"Oh, I forgot that," I say, nodding. "Well, maybe the atomic analyser will come in handy for that; she can carbon-date the ink and the binding. Isn't she presenting her results at the Hague next week? That would make a good case-study for her paper," I add. I notice that our two locker room companions are moving in slow motion, evidently riveted on our conversation against their will.
"You're right!" Yvonne exclaims. "I'll mention it to her. Of course, this afternoon she's correcting some calculations from one of Einstein's journals - I swear, the man was just riddled with misconceptions about particle physics. And his handwriting! She should get the Nobel Prize for deciphering that!"
The two women exchange increasingly mystified glances; who are we talking about, and why have they not heard of her? And what kind of accident did she have that she doesn't have opposable thumbs?
"I thought she was getting the Nobel Prize!" I say, frowning. "Didn't you say she was getting the award in Economics, for creating that formula for eradicating the national debt in two weeks without raising taxes?"
"Oh, that," Yvonne says dismissively. "That was nothing. Christie doesn't consider it her best work. It was so obvious, she's almost embarrassed."
"Well, I think she should accept the prize anyway. If she's embarrassed, she can always sit down on the podium and have a bath." I pause; our two listeners exchange a shocked look before I continue, squinting judiciously. "She IS a cat, after all - isn't that how all of them cope with embarrassment?"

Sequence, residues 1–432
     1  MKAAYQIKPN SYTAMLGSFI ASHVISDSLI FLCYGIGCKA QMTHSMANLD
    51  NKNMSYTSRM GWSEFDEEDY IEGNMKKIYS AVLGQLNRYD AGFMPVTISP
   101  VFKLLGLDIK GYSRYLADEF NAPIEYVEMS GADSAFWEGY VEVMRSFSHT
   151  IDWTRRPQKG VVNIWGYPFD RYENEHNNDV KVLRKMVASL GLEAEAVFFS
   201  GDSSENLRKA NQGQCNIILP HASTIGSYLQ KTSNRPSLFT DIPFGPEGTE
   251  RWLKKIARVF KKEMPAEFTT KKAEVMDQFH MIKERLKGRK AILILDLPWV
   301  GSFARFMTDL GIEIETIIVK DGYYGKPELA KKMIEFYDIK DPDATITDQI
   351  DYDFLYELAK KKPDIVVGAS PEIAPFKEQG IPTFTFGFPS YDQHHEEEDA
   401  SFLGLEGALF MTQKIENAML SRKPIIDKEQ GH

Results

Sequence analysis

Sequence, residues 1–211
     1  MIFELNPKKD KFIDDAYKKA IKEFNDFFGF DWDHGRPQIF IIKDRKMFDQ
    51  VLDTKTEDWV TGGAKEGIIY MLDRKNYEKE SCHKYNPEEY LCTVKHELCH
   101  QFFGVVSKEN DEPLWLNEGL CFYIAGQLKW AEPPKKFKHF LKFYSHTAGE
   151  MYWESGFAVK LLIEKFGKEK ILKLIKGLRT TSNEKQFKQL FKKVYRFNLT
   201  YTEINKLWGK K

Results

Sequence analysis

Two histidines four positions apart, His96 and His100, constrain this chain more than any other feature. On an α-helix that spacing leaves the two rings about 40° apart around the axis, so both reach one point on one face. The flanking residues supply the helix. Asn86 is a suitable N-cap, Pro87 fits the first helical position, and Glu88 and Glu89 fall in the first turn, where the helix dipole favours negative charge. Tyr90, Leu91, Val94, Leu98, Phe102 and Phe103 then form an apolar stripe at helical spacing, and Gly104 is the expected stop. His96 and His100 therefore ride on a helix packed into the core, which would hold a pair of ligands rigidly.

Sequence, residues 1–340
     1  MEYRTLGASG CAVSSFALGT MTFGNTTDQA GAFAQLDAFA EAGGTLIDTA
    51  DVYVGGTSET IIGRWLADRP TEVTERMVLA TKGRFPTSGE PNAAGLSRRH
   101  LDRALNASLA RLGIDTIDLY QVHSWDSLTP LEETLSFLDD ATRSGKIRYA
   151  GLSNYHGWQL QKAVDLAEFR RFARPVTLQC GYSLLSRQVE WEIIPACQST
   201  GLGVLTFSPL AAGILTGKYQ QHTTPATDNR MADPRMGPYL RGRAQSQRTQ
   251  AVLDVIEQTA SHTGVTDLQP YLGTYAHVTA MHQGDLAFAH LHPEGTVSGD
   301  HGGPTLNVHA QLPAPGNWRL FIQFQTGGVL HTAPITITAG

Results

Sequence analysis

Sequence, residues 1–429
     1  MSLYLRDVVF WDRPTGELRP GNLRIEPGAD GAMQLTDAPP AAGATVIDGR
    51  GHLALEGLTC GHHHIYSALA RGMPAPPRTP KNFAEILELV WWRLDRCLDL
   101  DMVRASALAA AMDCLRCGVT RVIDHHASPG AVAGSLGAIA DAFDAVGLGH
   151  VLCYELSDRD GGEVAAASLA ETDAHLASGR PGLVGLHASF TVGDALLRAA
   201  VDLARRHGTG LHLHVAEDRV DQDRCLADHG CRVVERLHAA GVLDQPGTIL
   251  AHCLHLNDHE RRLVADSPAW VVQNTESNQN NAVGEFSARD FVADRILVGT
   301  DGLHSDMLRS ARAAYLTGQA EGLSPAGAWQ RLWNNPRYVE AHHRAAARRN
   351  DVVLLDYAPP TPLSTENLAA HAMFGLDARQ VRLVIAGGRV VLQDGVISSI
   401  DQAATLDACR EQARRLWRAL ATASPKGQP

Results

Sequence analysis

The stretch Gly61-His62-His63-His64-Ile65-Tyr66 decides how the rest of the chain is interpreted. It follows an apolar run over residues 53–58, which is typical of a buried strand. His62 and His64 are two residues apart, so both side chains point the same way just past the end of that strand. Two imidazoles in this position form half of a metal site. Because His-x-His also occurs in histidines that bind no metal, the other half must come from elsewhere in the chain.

One of the two women listening to us suppresses a snort of laughter. The other grins into her locker, biting her lower lip hard.
"What?" Yvonne exclaims in tones of outrage. "Christie would never do that! She's far too ladylike! And what would Queen Elizabeth think? You know Christie is her personal advisor for protocol and etiquette! The next thing you know, the entire Royal Family would be stoping to have a bath in the midst of their press conferences! It wouldn't do. Christie has to watch that kind of thing - she has to set an example!"
"Hmm, I didn't think of that," I allow, tying not to laugh. "My apologies for suggesting Christie wold be so inappropriate."
"I should say!" exclaims Yvonne, putting her street clothes in her locker. "So, you ready?" she asks, with an abrupt return to matter-of-fact, swinging her racquet experimentally.
"Yep," I say, picking up my own racquet. I frown at it for a moment. "This is getting pretty beat-up," I mutter to myself. "Say, didn't you say Christie was working on a new graphite polymer? Maybe she can give me a prototype racquet," I say. Snickers erupt from behind one locker door. The other woman firmly presses her towel to her face.
"Oh, yes - that was her tea-time project Wednesday," Yvonne says carelessly. "I'll ask her about it. Of course, that one tennis player - you know, that hairy one - he wanted to get the formula and patent it, but Christie can't abide him - skinny calves. So naturally she said 'No'. She has a contract with Nike instead, so they'll ship her some prototypes next week, I think."
"Isn't she going to be at the Everest base camp next week, doing oxygen telemetry?" I ask as we mosey out of the locker room.
"Yes, but she's invented a new cell phone - did I tell you? - and she'd be happy to call Nike from there and have them deliver one to your door; she re-engineered their corporate jet, you know, so they owe her."
Behind us a muffled guffaw is heard. Someone else is giggling uncontrollably. I nod sagely.
"She really is handy to have around," I muse.
"Yes, she's my favorite," Yvonne says.
Well.... and who can blame her?